It had happened before – particularly badly in 1989 – but then I had been free and could be by his side. I more or less moved in with him, listened to him and sometimes laughed with him, encouraging him to think of good times we had enjoyed and could enjoy again. He eventually recovered and we did, indeed, spend some good times together.

This time, however, there was no possibility of me going to him, and he had medical issues that prevented him from visiting me. All I could do was make phone calls and write letters until I was free – in about a year’s time. It was not enough. Perhaps nothing would have been. Ultimately, there were to be no more times, good or bad, spent together again.

I had wanted to offer him my attention and constant presence, but I could not – and that was due entirely to my incarceration. When my loss of freedom hurt only me, I was happy to take the consequences, but I felt the full force of it when it affected my ability to help him. For the first time in my chosen career, I felt the powerlessness and impotence of captivity. To my mind, I had failed my friend. This was my nadir, my rock bottom.

I coped, because you have to. Life moves on and time heals, but the episode left its mark. That was my last jail term to date. I have asked myself if it had any bearing on me going straight. The truth is, I don’t know. I didn’t commit any crimes between my release, a few days before the end of last century, and the almost accidental securing of my role as a Guardian journalist in 2003. But I had been away the best part of four years, so I was due a sabbatical, if you like, until I had adjusted fully to life outside the walls. Plus, my work in the latter stages of my career involved long-term planning. But crime has a strong pull; I sometimes miss the buzz of it. So I will never know.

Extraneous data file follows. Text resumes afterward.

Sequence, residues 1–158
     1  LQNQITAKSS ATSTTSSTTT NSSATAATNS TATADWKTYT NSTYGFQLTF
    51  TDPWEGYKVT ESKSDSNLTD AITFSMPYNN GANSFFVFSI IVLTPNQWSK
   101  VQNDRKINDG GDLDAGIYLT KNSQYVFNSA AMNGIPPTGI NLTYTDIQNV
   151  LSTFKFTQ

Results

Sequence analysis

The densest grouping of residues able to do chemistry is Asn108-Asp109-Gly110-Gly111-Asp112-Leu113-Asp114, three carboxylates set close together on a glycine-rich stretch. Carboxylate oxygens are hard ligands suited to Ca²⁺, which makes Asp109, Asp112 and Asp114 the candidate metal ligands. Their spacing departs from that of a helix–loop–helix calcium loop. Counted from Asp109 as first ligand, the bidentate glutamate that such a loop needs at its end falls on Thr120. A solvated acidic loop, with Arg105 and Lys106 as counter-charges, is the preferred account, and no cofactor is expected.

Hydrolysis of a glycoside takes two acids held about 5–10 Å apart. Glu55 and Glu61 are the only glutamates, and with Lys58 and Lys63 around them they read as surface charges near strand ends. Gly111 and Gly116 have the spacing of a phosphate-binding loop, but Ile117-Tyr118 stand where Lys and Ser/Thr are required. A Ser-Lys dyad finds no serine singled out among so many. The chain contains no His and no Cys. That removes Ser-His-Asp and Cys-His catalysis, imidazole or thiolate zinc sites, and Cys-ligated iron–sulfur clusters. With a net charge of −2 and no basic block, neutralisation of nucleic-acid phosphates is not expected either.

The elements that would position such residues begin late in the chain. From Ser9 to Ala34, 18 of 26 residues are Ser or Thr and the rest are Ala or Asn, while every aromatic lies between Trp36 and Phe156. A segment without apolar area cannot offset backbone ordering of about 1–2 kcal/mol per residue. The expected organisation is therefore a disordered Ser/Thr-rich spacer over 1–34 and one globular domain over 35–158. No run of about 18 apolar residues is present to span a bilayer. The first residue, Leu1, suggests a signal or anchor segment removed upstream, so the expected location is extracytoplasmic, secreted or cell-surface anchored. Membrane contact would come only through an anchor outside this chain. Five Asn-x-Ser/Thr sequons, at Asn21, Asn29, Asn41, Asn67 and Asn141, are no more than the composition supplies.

What I do know is that, 23 years on, I am in a much better place, physically and spiritually. It is a good feeling. I am in the 17th year of my journalistic journey and while, sadly, reporting doesn’t pay nearly as well as crime (and is considerably more stressful), it has one major perk: I know I will not be going back to that place of lowest point again.

Instead, I am blessed with children and grandchildren, who bring me absolute joy (most of the time!), and a few dear friends. Some are old mates, who have been in my life for a long time, but now I am free to be in their lives, too, and for the foreseeable future. Finally, I am on hand, to cajole, praise, comfort and, yes, help, if needed. It is a good feeling – one I think about daily. Throw in a couple of rescue dogs and my happiness is complete.

It looks as though I will not be accepting Betty Windsor’s hospitality again. That said, along with the aforementioned kids and pals, she is welcome to pop round to my place any time.


Eric Allison

The GuardianTramp